For many cybercrime investigators, it's all about indicators of compromise - evidence that a crime has occurred. But what if you were to shift toward cataloging behaviors that could indicate an attack is ongoing or imminent? Sam Curry of Cybereason explains the IoB concept.
Since the COVID-19 pandemic began earlier the year, the FBI has seen an increase in nation-state hackers targeting U.S. medical research facilities and healthcare organizations conducting research into the virus.
Ads for phishing kits doubled last year on underground forums and dark net markets, with prices skyrocketing over 149 percent - an apparent indicator of strong demand, according to security firm Group-IB.
The latest edition of the ISMG Security Report offers a discussion of the potential insider threats posed by the remote workforce during the COVID-19 crisis. Also featured: An update on payment fraud shifts and the long-term outlook for the cybersecurity market.
As countries pursue national 5G rollouts, an unwanted security challenge has intensified: Some extremists have been vandalizing or even firebombing transmitter masts, driven by conspiracy theories suggesting not only that 5G poses a public health risk, but that it also helps cause COVID-19.
As phishing campaigns and hacker attacks spread during the COVID-19 global pandemic, it's more important than ever for organizations to promptly report fraud to authorities to help them crack down on cybercrime, says Dr. Karnika Seth cyberlaw expert and advocate at Supreme Court of India.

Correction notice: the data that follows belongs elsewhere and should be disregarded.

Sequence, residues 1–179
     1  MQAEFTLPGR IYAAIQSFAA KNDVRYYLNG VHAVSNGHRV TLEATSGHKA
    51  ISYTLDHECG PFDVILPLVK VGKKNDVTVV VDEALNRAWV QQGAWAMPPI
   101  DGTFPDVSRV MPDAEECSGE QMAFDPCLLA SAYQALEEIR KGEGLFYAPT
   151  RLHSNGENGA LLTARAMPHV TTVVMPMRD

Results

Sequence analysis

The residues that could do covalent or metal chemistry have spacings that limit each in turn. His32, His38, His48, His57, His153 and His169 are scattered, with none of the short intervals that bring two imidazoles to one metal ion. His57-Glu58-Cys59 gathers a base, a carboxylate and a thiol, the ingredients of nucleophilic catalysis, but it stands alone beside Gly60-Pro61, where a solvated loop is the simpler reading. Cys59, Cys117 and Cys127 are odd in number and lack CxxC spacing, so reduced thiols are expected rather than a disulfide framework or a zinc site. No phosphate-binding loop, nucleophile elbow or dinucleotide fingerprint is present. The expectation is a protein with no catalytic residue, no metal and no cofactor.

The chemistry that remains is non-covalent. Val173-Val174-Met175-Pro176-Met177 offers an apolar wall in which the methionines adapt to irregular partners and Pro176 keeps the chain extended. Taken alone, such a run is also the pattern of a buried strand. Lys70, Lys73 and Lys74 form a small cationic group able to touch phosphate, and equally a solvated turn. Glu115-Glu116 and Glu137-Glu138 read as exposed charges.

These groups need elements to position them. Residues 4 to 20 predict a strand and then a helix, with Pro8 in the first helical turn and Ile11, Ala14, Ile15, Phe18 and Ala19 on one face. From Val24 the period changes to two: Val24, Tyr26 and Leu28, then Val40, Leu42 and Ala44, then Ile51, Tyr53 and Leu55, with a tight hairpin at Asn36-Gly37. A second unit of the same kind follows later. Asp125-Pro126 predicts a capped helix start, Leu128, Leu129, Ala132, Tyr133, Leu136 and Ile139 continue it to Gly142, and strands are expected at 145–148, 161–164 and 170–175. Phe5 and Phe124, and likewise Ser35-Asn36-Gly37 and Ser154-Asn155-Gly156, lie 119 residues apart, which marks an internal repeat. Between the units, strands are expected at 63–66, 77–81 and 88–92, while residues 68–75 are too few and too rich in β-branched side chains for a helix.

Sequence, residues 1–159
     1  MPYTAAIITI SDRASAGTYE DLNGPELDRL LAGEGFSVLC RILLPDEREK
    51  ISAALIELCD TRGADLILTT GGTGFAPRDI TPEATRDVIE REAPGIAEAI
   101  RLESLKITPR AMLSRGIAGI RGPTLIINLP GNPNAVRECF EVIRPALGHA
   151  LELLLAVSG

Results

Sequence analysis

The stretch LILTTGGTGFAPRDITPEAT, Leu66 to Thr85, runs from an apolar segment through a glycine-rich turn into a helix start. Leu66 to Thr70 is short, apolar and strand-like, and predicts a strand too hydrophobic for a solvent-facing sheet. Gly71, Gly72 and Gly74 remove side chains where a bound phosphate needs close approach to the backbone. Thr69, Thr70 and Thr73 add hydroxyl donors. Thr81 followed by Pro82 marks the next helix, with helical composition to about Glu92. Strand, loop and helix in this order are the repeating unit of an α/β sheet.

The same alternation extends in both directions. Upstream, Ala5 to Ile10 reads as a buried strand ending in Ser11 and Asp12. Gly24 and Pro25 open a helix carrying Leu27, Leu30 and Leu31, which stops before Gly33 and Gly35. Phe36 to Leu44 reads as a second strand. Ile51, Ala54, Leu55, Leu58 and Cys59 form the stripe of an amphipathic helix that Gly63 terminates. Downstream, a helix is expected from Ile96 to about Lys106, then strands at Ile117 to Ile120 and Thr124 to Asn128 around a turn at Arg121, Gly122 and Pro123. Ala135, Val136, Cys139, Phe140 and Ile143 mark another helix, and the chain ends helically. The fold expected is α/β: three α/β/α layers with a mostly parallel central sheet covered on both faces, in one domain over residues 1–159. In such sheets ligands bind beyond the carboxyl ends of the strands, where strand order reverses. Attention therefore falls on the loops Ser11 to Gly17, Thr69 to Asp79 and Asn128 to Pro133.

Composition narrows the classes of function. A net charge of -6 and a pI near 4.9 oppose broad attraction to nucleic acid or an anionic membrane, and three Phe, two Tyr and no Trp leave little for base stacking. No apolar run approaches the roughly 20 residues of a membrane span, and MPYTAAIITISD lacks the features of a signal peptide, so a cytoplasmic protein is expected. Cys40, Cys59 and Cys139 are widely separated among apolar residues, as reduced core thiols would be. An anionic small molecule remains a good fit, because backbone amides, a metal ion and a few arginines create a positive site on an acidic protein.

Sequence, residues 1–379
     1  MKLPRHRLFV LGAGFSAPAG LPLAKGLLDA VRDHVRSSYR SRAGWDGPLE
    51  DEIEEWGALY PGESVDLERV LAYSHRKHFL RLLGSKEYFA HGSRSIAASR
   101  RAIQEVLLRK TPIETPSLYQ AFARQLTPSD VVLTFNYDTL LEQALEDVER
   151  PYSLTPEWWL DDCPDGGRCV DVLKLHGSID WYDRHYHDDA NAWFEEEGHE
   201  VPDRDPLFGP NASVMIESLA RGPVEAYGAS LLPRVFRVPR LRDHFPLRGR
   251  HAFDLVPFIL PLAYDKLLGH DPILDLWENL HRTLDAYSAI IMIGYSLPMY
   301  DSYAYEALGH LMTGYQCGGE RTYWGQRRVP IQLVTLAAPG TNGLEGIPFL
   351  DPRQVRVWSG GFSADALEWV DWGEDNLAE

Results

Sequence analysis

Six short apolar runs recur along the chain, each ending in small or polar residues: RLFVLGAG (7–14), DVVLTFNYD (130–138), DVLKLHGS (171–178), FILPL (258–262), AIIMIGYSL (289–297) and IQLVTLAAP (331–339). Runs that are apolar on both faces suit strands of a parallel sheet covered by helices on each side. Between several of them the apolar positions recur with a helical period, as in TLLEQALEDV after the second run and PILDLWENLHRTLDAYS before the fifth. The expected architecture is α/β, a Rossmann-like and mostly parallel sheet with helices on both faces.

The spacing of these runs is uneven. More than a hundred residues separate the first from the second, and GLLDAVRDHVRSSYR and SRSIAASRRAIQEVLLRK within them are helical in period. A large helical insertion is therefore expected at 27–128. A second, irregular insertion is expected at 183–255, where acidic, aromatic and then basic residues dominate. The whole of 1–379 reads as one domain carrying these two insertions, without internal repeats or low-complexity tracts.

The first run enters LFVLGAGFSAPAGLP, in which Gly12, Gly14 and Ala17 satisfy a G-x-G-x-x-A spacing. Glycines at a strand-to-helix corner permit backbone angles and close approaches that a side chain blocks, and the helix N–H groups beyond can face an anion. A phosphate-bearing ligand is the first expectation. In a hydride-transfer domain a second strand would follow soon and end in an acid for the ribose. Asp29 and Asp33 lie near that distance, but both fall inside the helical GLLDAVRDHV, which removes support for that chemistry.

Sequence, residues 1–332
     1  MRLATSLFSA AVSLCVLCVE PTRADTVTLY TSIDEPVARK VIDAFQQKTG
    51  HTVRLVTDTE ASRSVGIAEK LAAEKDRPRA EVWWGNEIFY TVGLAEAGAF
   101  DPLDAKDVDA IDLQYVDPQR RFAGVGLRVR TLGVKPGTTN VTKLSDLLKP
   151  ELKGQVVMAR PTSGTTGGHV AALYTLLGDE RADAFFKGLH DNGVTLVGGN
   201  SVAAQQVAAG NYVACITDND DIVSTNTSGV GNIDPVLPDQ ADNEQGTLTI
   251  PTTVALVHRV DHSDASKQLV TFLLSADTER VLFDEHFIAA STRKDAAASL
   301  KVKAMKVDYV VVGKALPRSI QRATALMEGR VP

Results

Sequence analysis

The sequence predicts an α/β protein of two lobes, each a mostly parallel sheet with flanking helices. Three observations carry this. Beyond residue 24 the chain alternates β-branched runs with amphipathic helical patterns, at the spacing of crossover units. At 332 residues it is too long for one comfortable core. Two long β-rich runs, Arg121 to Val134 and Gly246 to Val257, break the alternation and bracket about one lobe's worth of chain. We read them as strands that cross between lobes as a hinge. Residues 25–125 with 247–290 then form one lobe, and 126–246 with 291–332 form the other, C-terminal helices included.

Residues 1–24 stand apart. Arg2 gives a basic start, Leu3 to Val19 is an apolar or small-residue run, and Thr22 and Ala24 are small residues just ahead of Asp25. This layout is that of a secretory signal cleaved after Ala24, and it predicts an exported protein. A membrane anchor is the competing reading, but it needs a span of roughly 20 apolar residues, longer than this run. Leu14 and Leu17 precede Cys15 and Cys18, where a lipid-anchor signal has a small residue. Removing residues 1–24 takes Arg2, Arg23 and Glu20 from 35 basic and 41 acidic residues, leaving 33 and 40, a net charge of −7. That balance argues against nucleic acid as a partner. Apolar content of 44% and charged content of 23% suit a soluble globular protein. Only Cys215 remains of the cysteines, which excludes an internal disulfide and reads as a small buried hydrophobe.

The State Department is offering a $5 million reward for information about North Korean-sponsored hacking campaigns, according to an advisory released this week by several U.S. agencies about the ongoing threat these campaigns pose to financial institutions and others.
The ransomware threat has scaled up to match the new remote workforce. But have backup policies and incident recovery procedures improved to keep pace? David Shaw and John Bilotti of Nasuni share tips on ransomware recovery, remote file-sharing and business continuity.
Can you "big tech" a way out of a pandemic? Many governments around the world are trying, and Australia is joining the herd with a contact tracing app. But Australia has a splotchy record of large government tech projects, including in health, that may result in low voluntary adoption of an app.
Many criminals are continuing to tap cybercrime platforms and services to make it easier to earn an illicit paycheck, sometimes by combining tools, such as Emotet, Ryuk and TrickBot. This "loader-ransomware-banker trifecta has wreaked havoc" in recent years, says security firm Intel 471.
A global health crisis. A remote workforce. Economic uncertainty. These are key ingredients to fuel the insider threat. Randy Trzeciak of the CERT Insider Threat Center at Carnegie Mellon University offers tips for monitoring risky behavior and creating positive incentives to reduce risk.
TikTok, a video-sharing service, has been delivering video and other media without TLS/SSL encryption, which means it may be possible for someone to tamper with content, researchers say. That could be especially damaging in the current pandemic environment, where misinformation and confusion abounds.
Singapore's open banking effort has expanded the attack surface, and the only effective defense is to enhance threat intelligence sharing among banks, retailers and third parties, says Tom Wills, a Singapore-based cybersecurity practitioner who is a consultant for financial institutions.
In January, hackers reportedly compromised portions of the New York state government's computer network by taking advantage of an unpatched vulnerability in Citrix enterprise software. Although state officials say no data was compromised, the attack reportedly disabled some state agency information systems.